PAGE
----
Faculty Scholarly Dissemination Grants

Title

Role-related Stress Experienced by Academic Librarians

Department

Psychology Department

College

College of Liberal Arts and Sciences

Disciplines

Social and Behavioral Sciences

Abstract

Title: Role-related Stress Experienced by Academic Librarians Area: Stress Problem or purpose: Stressors associated with employees roles represent one of the most widely studied sources of occupational stress. Unfortunately, while researchers have sought to better understand role-related stress in a number of populations, the experiences of academic librarians have been virtually ignored. This oversight is surprising given recent changes in the nature of academic librarians work making role-related stress particularly relevant (e.g., Shupe & Pung, 2011). The purpose of the study described here is to assess two common role-related stressors and to examine their consequences in a sample of academic librarians. Procedures: Sixty public universities and colleges were randomly sampled from more than 120 four year institutions in the Midwest. Employees listed on these libraries websites were sent an email message requesting their participation in a web-based survey about their experiences at work. The survey instrument included demographic questions as well as measures of role ambiguity (Rizzo, House, & Lirtzman, 1970), role overload (Ivancevich & Matteson, 1980), and a number of psychological, job-related and health-related outcomes. Results: Complete data were obtained from 320 librarians. As predicted, the mean level of role ambiguity and role overload experienced by the librarians was high when compared to norms from other professional groups (e.g., Pasupuleti et al., 2009; Savelsbergh et al., 2012). Hierarchical multiple regression analyses were conducted to examine the relation between the role stressors and each outcome variable. For each model, the participants sex was entered in Step 1, and role ambiguity and overload were entered in Step 2. The addition of the role stressors in Step 2 significantly increased the variance explained in perceived stress (”R2=.30), job satisfaction (”R2=.26), and burnout (”R2=.26). As predicted, both role ambiguity and role overload were significantly related to the outcomes. Similarly, the addition of the role stressors in Step 2 significantly increased the variance explained in work withdrawal (”R2=.09), subjective well-being (”R2=.16), and health (”R2=.16). Although role ambiguity was significantly related to each of these outcome variables, there was no significant effect of role overload. Conclusions: Results suggest that role ambiguity and role overload are experienced at relatively high levels by academic librarians and the stressors are related to a host of negative outcomes. Given these potential implications, we urge academic institutions to closely examine the job-related responsibilities of their librarians and to work to decrease role ambiguity or to minimize the associated stress.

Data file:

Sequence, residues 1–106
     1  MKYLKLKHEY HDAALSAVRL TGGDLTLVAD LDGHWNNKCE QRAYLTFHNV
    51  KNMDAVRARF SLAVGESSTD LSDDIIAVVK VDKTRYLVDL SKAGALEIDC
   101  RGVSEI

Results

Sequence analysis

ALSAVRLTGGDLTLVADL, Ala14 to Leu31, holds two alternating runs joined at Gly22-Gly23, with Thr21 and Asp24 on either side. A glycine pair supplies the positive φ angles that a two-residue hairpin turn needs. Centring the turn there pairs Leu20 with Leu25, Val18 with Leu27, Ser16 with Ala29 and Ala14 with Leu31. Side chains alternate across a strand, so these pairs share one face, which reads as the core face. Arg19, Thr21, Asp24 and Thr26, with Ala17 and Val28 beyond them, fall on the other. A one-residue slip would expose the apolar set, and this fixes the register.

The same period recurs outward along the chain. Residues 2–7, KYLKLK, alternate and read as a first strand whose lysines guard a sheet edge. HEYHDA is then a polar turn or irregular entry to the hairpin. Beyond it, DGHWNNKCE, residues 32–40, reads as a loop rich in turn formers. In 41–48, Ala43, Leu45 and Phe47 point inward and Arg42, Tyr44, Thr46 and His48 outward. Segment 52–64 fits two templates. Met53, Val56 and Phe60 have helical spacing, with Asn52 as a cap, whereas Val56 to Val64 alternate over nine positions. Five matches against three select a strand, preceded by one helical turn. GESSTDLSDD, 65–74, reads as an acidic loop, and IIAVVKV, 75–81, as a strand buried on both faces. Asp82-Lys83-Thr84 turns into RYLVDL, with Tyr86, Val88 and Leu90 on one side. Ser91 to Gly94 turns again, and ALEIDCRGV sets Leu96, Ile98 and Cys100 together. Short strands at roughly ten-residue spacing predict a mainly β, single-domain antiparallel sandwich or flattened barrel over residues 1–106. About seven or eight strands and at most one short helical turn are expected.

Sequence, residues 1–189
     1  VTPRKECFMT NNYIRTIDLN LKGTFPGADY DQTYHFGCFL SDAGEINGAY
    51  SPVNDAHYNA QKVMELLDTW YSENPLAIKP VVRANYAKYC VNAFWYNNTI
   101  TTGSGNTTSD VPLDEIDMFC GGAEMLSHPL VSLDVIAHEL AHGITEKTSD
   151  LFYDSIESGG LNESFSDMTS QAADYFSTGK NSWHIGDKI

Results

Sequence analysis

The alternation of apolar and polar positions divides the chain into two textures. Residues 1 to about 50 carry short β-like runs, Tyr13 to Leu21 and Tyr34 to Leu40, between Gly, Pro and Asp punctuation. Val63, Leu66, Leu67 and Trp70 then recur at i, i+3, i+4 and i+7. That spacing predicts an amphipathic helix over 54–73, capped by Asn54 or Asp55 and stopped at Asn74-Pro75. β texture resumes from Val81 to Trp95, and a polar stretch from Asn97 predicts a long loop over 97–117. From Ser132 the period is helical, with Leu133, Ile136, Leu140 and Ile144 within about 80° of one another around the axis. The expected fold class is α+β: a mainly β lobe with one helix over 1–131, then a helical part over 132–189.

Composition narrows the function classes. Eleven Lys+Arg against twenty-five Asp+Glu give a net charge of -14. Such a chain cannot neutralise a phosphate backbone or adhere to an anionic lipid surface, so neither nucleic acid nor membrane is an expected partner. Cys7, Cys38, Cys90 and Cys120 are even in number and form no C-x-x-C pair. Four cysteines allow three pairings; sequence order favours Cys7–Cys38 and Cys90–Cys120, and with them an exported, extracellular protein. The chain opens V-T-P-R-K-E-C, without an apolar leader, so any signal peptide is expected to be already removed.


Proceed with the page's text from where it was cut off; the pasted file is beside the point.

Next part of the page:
Conference Name

Annual Meeting of the Midwestern Psychological Association

Conference Location

Chicago, IL

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